Batman (Adam West) and Robin (Burt Ward) are shot at a Dutch angle, meaning they must be in a villain's lair. Batman's two most frequent nemeses, The Joker (Cesar Romero) and The Penguin (Burgess Meredith), team up for double trouble!

"Batman" is not much like today's crop of superheroes. Made on a typically tight television budget, the series dresses its heroes and villains in colorful and often outlandish costumes, takes moral ambiguity out of the equation, and entertains with puns and action punctuated with onscreen graphics designating old comic book punch sounds like Pow!!!, Whomp!!!, and Zowie!!!

With an omniscient narrator (series creator William Dozier) repeatedly emphasizing the stakes, the vigilante alter ego of wealthy Bruce Wayne (Adam West) and his young sidekick Robin (Burt Ward) keep Gotham City safe from a seemingly endless stream of broad villains, including The Joker, The Penguin, The Riddler, and Catwoman. For the first two seasons, narratives unfold in two parts (the show aired twice a week) with a lot of tame fighting, wordplay, contraptions and supposedly high-tech sets. Batgirl (Yvonne Craig) joins the fray in Season 3 and episodes became weekly, without significant change. Throughout, it's childish and frothy, two things that Nolan's Batman movies and most post-'60s comic book and animation interpretations of the characters decidedly do not want to be. Nonetheless, there's clearly room for all interpretations and most have their charms. Batman works as powerful, serious, artful cinema. But it also works as corny, comedic, guest star-laden 1960s television. Each is fun with the right expectations and mindset.

A staggering 120 half-hour episodes of "Batman" were produced: 34 in Season 1, a whopping 60 in Season 2, and 26 in Season 3. With up to twelve episodes per platter, the series fills twelve Blu-ray discs, while a thirteenth adds the set's non-tangible bonus features discussed below.

Batman frequently tangles with Catwoman (who is usually, but not always, played by Julie Newmar). Outside of their costumes, Dick Grayson (Burt Ward) and Bruce Wayne (Adam West) are just a couple of groovy bachelors of the late 1960s.


"Batman" looks terrific on Blu-ray. Many shows this old pose problems even for DVD, but this one was shot on film, not video. A benefit of the long wait for this release (which seems most readily attributable to sorting out various copyright, royalty, and clearance issues) is that Warner has had ample time to remaster the series. They have clearly done just that, as the element is practically perfect. The 1.33:1 video is sharp, vibrant, and somehow void of even minor imperfections. Those who have settled for old homemade VHS tapes and overcompressed illegal streams will definitely be blown away by the picture quality here.

Sound is presented in Dolby 1.0 mono, which is as it sounds pretty simple. Still, the recordings are crisp and clear, making it unnecessary to consult the English SDH subtitles unless you actually have hearing problems. Warner also includes four foreign subtitle streams and three foreign dubs, adding to the international appeal of this set.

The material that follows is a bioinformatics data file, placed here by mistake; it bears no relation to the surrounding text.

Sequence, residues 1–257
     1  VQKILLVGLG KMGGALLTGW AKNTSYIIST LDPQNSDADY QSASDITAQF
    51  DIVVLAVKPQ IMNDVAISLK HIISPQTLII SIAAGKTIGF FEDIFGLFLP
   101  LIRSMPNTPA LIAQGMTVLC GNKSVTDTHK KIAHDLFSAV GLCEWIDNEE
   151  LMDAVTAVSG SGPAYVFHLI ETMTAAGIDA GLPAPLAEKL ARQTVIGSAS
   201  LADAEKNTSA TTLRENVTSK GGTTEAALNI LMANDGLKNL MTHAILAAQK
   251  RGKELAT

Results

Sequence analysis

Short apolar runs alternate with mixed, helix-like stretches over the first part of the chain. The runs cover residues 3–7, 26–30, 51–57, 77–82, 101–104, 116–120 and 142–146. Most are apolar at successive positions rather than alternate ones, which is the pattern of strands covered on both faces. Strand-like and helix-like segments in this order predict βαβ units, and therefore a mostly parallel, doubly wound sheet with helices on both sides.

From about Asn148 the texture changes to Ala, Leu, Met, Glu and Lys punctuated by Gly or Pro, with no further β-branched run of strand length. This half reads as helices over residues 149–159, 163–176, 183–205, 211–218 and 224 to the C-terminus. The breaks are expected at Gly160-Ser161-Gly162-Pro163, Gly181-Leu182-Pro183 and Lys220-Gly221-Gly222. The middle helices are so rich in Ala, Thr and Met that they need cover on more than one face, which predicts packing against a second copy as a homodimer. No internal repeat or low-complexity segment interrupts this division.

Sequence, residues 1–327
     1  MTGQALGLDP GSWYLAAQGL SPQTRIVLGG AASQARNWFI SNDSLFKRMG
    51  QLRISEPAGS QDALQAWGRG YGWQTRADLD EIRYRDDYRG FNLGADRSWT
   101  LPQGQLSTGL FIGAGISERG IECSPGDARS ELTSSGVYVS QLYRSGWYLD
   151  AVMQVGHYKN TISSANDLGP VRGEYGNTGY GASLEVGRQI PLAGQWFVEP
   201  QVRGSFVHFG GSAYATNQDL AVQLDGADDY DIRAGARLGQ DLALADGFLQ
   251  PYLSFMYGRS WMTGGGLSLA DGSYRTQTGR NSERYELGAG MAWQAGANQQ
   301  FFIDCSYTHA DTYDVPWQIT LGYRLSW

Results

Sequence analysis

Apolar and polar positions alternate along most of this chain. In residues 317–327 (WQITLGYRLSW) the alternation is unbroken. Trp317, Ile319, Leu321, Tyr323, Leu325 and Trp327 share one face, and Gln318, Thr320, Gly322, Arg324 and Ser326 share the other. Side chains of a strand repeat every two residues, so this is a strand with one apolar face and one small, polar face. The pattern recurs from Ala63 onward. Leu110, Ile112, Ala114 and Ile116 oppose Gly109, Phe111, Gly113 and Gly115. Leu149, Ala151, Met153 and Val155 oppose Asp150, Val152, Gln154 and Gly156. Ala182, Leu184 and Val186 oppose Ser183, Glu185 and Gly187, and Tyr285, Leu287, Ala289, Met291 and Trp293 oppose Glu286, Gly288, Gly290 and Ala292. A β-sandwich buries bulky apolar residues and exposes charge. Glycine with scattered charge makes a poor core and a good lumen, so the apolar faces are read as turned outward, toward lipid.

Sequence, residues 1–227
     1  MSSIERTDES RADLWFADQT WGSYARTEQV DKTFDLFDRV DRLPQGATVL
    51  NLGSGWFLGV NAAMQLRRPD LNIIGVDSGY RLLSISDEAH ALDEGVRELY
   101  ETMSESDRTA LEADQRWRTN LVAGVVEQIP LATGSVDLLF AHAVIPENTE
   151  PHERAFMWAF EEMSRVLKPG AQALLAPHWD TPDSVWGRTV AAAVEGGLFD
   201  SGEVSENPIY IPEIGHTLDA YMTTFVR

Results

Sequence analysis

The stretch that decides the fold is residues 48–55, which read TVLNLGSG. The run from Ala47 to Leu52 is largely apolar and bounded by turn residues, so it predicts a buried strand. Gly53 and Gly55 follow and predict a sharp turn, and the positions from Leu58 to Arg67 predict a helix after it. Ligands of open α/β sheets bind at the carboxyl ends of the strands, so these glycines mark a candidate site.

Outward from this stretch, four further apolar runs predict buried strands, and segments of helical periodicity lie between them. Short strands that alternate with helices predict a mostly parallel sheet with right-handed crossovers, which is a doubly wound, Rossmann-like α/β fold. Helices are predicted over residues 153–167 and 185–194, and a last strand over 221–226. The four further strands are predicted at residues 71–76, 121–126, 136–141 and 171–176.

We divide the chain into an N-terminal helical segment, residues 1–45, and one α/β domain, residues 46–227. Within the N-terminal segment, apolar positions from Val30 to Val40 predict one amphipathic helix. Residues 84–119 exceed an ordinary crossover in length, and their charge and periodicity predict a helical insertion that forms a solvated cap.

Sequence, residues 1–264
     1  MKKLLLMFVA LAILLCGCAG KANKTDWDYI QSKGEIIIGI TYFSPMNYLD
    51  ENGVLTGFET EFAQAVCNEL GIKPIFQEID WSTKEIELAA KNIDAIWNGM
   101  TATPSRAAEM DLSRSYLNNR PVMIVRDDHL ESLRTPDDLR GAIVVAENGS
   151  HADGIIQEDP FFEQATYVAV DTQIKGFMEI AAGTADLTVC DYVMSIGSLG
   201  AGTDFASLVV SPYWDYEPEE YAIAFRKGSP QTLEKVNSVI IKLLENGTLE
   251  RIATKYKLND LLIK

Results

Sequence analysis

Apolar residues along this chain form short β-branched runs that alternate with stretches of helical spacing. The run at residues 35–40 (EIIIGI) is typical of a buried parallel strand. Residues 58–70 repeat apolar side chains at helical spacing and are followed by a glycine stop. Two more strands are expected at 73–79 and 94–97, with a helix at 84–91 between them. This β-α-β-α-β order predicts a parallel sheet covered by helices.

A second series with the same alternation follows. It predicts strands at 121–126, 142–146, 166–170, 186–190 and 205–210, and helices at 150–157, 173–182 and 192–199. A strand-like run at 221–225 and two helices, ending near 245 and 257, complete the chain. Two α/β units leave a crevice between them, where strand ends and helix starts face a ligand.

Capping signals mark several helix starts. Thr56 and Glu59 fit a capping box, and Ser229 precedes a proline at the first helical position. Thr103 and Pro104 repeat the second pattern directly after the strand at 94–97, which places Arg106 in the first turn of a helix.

Adam West reflects on life in and out of the cowl in "Hanging with Batman." Ralph Garman shows Adam West his extensive Batcollection in "Holy Memorabilia, Batman!"


All bonus features are relegated to the thirteenth and final disc of the Blu-ray set, where the more than four hours of content is all encoded in high definition.

First up, "Hanging with Batman" (29:56) allows Adam West to reflect on his life before, during and after "Batman." Personal photos, clips from early acting work, talk show, award show, and Comic-Con panel clips,
and West's own gifted storytelling (both new and some slightly older video) hold us captive in this superb autobiography.

"Holy Memorabilia, Batman!" (29:59) celebrates the wealth of toys and collectibles that were produced for the series. An assortment of merchandise is nicely showcased and recalled by collectors, as Ralph Garman shows Adam West his collection and others (including Kevin Silva and "Toy Hunters" host Jordan Hembrough) give us tours or talks (likening the thrills to primordial hunting) of everything from drivable full-size Batmobiles to miniature toy Batmobiles.

"Batmania Born! Building the World of Batman" (29:41) lets authors, West, Burt Ward, Julie Newmar, and other cast and crew members (including deceased ones, via archival footage), and producers of other Batman incarnations reflect further on the show. They address its subtle adult content, its reflection of the world at the time, its use of color and Dutch angles, the opening credits' animation, the costumes, and its role in the history of the character and of superhero entertainment at large. It's another good featurette.

Adam West talks with Kevin Smith (in a Fatman hockey jersey) and other accomplished admirers in "Bats of the Round Table." Adam West occasionally interrupts the first two episodes of Batman with his script notes and thoughts in the bonus feature "Inventing Batman: In the Words of Adam West."

"Bats of the Round Table" (45:08) assembles West, Garman, Kevin Smith (wearing a Fatman hockey jersey), actor Phil Morris and DC Comics publisher Jim Lee at the Smoke House for a warm, friendly fireside chat about the series. Over dessert and coffee, the four fans voice their appreciation, as an obviously grateful West answers their questions, reflecting on guest stars, Burt Ward, the sets, the different levels on which the show worked, "Family Guy", stunt doubles, and the series' legacy. It's a really nice inclusion with a funny ending.